Clearly, even though there are much fewer large-scale industrial farms, they produce the majority of agricultural products in the United States. This trend will likely continue in the future as production costs increase with the changing environment.
Many farmers in the $10,000 or less range supplement their profits by non-agricultural means. In some cases, this translates to people eventually leaving the agricultural industry altogether. Currently, only 2% of the United States’ workforce is in agriculture, compared to 70% in 1840. While this transition can’t be completely blamed on economic hardship (and is more indicative of macro-production shifts), but it definitely plays a part.
As water stress grows in the coming decades we will see this trend continue. Many smaller farms simply won’t have the capacity to deal with the challenges that arise. Additionally, it may not be in their financial interest to spend capital on improving water efficiency when the returns are so low.
While in many situations closing shop might be the best financial choice, it will not always be the case. Some farmers, whether they don’t have other revenue streams or their families have cultivated the land for generations, will want to continue to stay in agriculture. To meet the water changes that are occurring they will need to make investments in their land.
You will play a pivotal role in helping these farmers stay in business with your understanding of water scarcity risks. Access to reliable loans at reasonable rates is one of the only ways small-scale farmers can adapt to the increasing water scarcity in agriculture.
Water Infrastructure Costs
Even though this looks like a bleak future for the agricultural industry there is a double-sided sword that could be seen as positive for ag as a whole in the near term. The world’s population is increasing, so demand will continue to grow. The World Bank estimates that agricultural production will need to expand by 70% before 2050 to meet this demand. Risk is increasing in the agricultural industry, yet it will need to continue to expand.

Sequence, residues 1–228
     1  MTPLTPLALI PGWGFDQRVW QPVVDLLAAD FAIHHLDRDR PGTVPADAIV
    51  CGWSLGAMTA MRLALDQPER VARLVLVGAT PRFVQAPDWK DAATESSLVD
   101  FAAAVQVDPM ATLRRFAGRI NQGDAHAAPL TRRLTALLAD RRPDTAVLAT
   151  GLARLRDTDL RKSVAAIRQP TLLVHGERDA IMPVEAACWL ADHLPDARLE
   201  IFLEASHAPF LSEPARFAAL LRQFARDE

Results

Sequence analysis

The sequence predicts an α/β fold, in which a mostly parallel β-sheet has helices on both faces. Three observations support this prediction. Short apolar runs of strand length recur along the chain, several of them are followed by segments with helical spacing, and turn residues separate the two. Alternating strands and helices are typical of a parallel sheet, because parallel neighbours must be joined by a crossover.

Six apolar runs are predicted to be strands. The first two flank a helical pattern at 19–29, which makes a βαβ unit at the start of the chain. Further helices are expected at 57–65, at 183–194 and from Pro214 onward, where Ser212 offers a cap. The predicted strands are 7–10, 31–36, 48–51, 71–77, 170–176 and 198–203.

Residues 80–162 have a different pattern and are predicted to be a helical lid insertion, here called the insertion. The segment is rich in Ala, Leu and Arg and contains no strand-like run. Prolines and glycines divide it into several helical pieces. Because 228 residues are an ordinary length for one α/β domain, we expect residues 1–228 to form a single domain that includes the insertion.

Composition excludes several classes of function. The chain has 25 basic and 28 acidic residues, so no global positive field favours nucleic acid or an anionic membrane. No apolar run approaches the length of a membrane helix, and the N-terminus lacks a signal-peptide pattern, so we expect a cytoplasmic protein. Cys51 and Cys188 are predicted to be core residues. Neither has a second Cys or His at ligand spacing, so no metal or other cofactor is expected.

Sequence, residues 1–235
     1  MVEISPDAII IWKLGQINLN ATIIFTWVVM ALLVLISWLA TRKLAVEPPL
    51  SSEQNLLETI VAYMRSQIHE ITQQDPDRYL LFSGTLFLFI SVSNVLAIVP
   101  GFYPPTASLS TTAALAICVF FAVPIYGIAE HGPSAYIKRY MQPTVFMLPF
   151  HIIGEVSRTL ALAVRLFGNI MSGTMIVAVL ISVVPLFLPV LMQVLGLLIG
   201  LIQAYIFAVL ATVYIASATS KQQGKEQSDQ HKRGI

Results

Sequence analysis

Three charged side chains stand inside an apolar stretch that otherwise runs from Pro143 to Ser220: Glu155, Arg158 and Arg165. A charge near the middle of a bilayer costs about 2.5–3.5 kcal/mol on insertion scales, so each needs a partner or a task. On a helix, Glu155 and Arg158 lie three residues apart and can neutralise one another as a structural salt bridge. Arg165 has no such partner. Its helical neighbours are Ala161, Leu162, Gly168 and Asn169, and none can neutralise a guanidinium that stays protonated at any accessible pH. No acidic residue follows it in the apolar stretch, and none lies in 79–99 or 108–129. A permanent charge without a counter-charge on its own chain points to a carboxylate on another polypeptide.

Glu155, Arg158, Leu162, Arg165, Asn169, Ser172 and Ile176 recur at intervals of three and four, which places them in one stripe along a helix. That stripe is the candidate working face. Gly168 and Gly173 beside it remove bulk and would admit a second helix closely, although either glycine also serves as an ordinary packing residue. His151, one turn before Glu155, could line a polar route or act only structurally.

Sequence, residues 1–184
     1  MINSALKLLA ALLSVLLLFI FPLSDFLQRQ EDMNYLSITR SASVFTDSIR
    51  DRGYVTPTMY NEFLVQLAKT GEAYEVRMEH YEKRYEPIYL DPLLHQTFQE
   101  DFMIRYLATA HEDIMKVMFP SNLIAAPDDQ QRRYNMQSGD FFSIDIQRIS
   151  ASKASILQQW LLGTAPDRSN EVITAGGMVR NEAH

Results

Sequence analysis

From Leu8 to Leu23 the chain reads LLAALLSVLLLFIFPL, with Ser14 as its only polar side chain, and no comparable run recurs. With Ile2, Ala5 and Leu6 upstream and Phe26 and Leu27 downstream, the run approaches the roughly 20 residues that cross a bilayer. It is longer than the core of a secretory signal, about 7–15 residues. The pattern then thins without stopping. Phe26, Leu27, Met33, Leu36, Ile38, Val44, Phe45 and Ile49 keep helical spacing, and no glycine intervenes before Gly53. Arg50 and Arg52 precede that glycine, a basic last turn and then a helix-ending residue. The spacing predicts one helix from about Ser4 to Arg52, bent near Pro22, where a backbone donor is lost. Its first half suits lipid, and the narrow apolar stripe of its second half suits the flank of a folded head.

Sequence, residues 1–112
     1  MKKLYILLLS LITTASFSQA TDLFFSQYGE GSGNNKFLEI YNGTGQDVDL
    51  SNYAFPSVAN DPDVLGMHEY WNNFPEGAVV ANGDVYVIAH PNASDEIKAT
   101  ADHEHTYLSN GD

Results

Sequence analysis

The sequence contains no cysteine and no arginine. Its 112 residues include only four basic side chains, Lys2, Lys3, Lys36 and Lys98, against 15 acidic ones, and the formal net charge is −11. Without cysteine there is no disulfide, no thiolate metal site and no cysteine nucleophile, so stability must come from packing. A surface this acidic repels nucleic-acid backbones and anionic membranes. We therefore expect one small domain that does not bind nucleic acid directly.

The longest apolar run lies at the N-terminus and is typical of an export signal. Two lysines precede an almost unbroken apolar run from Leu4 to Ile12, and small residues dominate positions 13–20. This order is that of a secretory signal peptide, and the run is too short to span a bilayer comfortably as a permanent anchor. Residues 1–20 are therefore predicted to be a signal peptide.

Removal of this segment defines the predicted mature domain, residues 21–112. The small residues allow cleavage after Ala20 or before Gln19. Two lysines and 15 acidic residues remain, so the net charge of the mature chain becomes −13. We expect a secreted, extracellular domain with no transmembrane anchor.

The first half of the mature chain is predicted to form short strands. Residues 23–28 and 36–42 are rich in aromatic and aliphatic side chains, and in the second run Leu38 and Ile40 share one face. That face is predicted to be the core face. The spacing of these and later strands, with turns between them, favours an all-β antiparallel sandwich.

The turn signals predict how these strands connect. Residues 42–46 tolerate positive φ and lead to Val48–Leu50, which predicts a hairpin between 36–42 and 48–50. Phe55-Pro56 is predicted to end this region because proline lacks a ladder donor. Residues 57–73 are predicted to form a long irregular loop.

This will likely be achieved through larger-scale farms that have more tolerance for risk and have the capital to invest in water efficiency measures.
“The World Bank estimates that global water infrastructure costs are expected to rise fourfold to $150 billion annually from 2017 levels by 2030.”
This infrastructure will focus on sustainably managing and using the limited water resources that are available. A few of these key projects are increasing irrigation efficiency, strategically locating farms near water sources, and harnessing services to understand water scarcity in the immediate area.
Understanding water scarcity issues can reduce your risk exposure from these investments. Additionally, it gives you the opportunity to capitalize on the substantial investment Ag businesses will need to make in the coming years.
Black Rock puts it best, “Companies that manage water resources better than their peers may offer more resilient earnings streams.”
The coming decades represent a pivotal time for the agriculture industry. We will see a large investment in infrastructure and a shift towards larger farms, which represents an opportunity. By successfully managing and understanding water scarcity issues in your region you can make knowledgeable investment decisions.
The Bottom Line
Having this knowledge will put you in a position to manage new water regulations that are introduced. For example, the Sustainable Groundwater Management Act (SGMA) in California has redefined the way California will assess the maximum amount of groundwater that can be withdrawn. AQUAOSO partnered with ASFMRA to produce a free water map to assist communities in identifying and monitoring their water risks. This map was made with the same tools available to AQUAOSO subscribers.
To learn more about AQUAOSO, or request a demo, don’t hesitate to Get in Touch.